Origin Energy and Ipsos Research Australia has today launched the latest Origin Energy Essentials Report – the Gadget Gifting Guide.
The guide reveals the types of electrical devices Australians would like to see under their trees this Christmas, versus those we might actually receive.
"By revealing the devices that are topping wish lists this festive season, the Origin Gadget Gifting Guide could prove helpful to those struggling to decide which gadgets they should be buying for whom," said Anne Armansin, Energy Expert, Origin.
The report also unearths insights and trends about the process Australians undergo when researching and shopping for electrical appliances as gifts, including uncovering some significant differences between genders and generations.
Key findings include:
- Men in tune with women’s beauty needs: Almost 1 in 4 women have hair and beauty appliances on their wish lists – the good news is that almost 1 in 4 men plan to buy them
- Men not far off in the kitchen: Kitchen appliances are among those most wanted by women this Christmas (24 per cent) but almost as many men are planning to buy them (19 per cent)
- Some men likely to be disappointed: More than 1 in 4 men would like games or gaming consoles for Christmas, but some may end up being disappointed as children are expected to be the leading recipients of games and gaming consoles
- Smartphones and tablets most wanted gadgets: Almost 1 in 3 people want a personal electronic device, however we’re more likely to find gaming consoles under the Christmas tree
- We’re flocking online to research: More than 4 in 5 Australians plan to research gadget gift ideas online before buying and almost 2 in 3 won’t purchase before reading an online review. 25 to 34 year olds are the age group most likely trust social media reviews over salespeople
- Disorganised males: Men are the greatest offenders in leaving shopping for electrical gifts to the last minute and more than 1 in 4 even admit to leaving it until Christmas Eve!
- Bucking the brand trend: Despite younger generations being perceived as brand-a-holics, only 3 per cent of those aged 18 to 24 are most concerned with brand when buying gadgets as gifts.
Dr. Rebecca Huntley, Director of Ipsos Research Australia, which partnered with Origin on the report, said men tend to opt for hair and beauty over kitchen appliances for the women in their lives because they are trying to keep out of trouble.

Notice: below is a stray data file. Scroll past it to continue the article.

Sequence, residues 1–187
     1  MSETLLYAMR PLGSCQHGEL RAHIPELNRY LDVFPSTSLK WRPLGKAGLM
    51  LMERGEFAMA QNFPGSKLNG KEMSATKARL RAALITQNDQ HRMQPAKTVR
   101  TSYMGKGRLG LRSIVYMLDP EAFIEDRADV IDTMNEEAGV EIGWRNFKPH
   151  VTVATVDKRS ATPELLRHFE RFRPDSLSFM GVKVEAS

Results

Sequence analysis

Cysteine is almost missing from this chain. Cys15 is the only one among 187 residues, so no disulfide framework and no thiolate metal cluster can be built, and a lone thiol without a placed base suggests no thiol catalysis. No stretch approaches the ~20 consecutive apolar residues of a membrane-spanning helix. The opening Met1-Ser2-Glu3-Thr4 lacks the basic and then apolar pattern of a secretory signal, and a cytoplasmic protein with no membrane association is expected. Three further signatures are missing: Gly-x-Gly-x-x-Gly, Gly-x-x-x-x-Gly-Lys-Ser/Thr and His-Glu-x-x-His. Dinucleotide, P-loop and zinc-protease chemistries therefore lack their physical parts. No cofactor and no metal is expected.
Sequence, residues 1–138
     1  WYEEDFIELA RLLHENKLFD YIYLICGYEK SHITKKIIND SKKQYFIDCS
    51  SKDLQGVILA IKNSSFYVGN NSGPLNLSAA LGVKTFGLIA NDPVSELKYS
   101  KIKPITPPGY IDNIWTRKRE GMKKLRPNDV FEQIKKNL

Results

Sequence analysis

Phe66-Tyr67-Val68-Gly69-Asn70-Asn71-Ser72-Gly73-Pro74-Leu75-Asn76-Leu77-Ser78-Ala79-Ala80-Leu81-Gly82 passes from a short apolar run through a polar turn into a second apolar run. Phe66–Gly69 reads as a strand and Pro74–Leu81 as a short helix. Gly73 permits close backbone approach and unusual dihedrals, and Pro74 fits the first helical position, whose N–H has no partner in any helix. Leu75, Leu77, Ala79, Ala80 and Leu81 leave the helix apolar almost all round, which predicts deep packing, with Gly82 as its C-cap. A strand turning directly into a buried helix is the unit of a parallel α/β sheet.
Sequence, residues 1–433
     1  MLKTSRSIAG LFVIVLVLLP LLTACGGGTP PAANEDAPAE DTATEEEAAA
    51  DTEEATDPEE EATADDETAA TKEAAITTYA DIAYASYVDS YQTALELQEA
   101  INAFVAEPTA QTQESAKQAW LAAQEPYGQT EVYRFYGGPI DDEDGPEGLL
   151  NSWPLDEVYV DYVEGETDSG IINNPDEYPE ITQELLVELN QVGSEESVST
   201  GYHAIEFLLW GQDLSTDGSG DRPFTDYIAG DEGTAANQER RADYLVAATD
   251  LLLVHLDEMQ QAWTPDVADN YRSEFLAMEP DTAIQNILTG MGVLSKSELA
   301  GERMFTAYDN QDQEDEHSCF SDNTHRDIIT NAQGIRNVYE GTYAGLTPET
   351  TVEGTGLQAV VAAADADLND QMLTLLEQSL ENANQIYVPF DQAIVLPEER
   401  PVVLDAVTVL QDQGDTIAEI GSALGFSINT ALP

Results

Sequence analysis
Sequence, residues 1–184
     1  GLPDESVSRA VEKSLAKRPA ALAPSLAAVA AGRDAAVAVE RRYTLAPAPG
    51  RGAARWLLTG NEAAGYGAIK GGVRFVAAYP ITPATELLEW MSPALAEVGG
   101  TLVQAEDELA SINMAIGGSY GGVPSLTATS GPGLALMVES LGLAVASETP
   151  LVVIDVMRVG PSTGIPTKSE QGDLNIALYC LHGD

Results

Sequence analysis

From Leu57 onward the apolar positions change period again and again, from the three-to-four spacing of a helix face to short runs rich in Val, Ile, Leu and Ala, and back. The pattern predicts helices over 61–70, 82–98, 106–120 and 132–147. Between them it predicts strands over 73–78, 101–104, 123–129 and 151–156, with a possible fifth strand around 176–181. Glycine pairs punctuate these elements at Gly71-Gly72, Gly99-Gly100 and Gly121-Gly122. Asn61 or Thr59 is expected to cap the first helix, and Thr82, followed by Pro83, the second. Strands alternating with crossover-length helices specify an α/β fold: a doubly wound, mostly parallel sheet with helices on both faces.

"Men may feel that a blender or thermomix is associated with chores and therefore not special or romantic enough, whereas hair and beauty appliances are a more personal gift," she said.
It’s not just the men who have an agenda when it comes to giving gadgets for Christmas.
"The report reveals men want gaming consoles for Christmas, but in our qualitative research I’ve heard women complain that gaming can distract their husbands from spending time with the family and doing their bit around the house, so women often prefer to give other gifts instead," said Ms Huntley.
"The results also show just how crucial research is in the purchase of electrical devices, with more than 80% of people conducting research prior to making a purchase and more than two in three consulting online reviews."
Origin’s Anne Armansin said that energy is an essential part of our everyday lives, but one that we don’t often think about when it comes to giving gadgets at Christmas time, despite the trend towards doing so.
"With Australians set to spend big on electrical gifts this Christmas, we want to help people choose devices that will not only be unwrapped with joy, but also the brands and models that are reliable and energy efficient for their lucky loved ones," said Anne.
Some simple tips from Anne include allowing time to do your research and getting your shopping done well ahead of the Christmas Eve rush.
"Research is critical to making informed decisions about the most suitable brands and models for electronic devices, so it’s encouraging to see many Australians are planning to spend time reading reviews, consulting online forums and trawling through their Facebook feeds before opening their wallets this Christmas," she said.
Note: This research was completed by Nature Research between 17 October and 26 October 2014 via an online survey and included a sample of 1,011 Australian residents that take part in Christmas celebrations, nationally respresentative in location, age and gender.
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